- Early Career Fellows awarded $1 million to support the new generation of translation health researchers in WA
- Fellowships will translate research into improved health outcomes and patient care
A total of 11 leading Western Australian early career researchers have been awarded the inaugural Western Australian Health Translation Network (WAHTN) Early Career Fellowships in Translational Health Research.
The successful recipients were selected by a panel chaired by former Chief Scientist of Western Australia, Professor Lyn Beazley AO.
Translational health research ensures knowledge gained through research is translated into changes in policy, practice and innovation to benefit the health and wellbeing of all Western Australians.
The researchers will receive $1 million from the Commonwealth Government’s Medical Research Future Fund (MRFF). To be eligible to apply for the funding they had to secure their own grants to match the amount awarded by the MRFF.
The one-year fellowships are designed to support WA research and translation projects:
- Conducted by research-focused clinicians and other health care professionals;
- Which are collaborative and incorporate consumer involvement; and
- Improve health care, health systems, health policy and public health.
The Fellows will be mentored over the 12 months by some of WA’s leading senior researchers, and the innovative projects will be presented at the WAHTN Science on the Swan Conference held from June 5-7, 2019.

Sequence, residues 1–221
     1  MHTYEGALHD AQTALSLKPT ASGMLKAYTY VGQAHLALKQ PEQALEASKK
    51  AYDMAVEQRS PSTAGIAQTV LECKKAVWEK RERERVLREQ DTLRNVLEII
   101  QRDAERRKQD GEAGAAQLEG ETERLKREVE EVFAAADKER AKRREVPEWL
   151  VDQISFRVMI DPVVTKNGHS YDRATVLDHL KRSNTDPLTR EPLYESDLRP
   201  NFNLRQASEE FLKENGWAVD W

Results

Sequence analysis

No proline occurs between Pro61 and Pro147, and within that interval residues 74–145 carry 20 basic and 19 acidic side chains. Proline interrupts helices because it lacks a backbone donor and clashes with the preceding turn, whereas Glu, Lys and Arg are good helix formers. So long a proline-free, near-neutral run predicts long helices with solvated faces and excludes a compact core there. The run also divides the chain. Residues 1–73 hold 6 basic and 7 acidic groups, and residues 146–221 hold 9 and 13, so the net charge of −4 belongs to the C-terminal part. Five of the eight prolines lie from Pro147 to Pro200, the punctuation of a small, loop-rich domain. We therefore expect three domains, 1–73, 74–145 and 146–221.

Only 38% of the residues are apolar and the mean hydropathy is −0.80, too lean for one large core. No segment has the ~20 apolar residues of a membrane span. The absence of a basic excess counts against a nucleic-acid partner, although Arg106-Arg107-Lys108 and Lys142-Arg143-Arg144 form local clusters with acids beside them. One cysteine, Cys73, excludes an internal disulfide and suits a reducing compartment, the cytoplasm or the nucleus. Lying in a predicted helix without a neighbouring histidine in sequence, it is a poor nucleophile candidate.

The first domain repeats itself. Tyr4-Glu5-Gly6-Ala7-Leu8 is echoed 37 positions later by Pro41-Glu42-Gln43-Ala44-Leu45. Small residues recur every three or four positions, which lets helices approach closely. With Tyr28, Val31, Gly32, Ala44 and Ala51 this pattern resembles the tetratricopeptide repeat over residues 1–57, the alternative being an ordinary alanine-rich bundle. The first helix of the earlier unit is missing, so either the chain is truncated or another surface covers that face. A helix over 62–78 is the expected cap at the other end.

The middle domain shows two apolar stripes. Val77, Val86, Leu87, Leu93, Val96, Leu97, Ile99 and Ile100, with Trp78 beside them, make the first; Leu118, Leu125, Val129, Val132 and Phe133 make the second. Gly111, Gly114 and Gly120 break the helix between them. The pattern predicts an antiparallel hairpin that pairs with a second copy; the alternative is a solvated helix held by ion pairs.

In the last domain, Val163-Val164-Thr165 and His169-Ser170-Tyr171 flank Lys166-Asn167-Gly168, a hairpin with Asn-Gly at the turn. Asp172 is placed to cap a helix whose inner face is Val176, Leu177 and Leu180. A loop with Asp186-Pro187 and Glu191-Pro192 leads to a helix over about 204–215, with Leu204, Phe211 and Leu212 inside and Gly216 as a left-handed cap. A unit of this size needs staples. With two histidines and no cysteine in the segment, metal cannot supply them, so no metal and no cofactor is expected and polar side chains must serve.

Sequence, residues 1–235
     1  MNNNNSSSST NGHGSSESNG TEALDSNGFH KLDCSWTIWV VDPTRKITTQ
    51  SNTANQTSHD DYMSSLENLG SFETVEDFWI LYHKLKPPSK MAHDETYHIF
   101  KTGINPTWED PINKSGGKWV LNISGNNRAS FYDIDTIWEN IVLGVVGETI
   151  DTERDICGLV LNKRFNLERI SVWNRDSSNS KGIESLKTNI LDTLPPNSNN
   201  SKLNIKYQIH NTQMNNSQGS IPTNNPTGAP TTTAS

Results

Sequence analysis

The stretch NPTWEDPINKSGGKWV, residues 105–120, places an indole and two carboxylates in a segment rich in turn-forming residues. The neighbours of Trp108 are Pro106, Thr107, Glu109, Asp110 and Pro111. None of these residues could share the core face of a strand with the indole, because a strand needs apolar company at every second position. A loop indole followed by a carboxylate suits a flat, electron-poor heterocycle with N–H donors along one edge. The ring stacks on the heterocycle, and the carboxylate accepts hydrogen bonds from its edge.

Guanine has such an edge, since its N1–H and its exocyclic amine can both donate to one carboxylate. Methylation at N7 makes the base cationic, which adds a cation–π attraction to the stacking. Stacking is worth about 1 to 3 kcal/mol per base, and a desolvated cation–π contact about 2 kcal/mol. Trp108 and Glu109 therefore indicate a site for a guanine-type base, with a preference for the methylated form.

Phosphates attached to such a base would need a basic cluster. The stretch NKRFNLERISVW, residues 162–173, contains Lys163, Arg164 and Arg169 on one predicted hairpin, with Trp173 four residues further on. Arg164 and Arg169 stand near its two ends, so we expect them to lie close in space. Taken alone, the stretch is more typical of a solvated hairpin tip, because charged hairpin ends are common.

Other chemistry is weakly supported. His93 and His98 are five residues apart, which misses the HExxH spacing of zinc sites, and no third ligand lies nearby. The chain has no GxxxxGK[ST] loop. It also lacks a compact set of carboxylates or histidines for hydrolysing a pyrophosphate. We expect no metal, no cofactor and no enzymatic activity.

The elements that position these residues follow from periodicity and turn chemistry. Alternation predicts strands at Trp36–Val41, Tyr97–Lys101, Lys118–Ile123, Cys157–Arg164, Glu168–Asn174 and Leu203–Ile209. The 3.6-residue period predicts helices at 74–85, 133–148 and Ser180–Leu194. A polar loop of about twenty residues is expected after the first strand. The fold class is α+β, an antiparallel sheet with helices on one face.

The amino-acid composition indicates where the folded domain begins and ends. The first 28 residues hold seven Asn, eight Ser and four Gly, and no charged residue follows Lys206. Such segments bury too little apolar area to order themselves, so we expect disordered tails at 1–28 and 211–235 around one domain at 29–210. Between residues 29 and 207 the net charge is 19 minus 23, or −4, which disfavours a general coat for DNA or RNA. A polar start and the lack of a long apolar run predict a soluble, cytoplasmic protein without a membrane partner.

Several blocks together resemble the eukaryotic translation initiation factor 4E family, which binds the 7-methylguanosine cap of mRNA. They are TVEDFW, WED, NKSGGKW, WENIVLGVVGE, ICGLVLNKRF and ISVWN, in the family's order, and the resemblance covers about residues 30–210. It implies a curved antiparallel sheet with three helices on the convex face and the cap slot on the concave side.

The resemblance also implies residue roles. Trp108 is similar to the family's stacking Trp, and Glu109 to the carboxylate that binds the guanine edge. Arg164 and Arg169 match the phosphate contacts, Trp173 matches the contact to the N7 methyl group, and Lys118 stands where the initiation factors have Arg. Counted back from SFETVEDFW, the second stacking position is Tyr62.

WAHTN is part funded by the McGowan Government and Lotterywest, and is one of seven Advance Health Research Translation Centres that are part of the Australian Health Research Alliance.
As noted by Health Minister Roger Cook:
“I congratulate these future leaders in research on their outstanding success in obtaining this fellowship, which will help translate research into practice and lead to health care improvements for all Western Australians.
“Through the State Government’s continued investment in research, our researchers are able to produce high calibre projects, worthy of attracting $1 million of additional national funding – with direct benefit for WA’s health system and community.
“These fellowships help to support our local clinicians and health care professionals to ensure WA retains and supports the best and brightest, up and coming research minds.”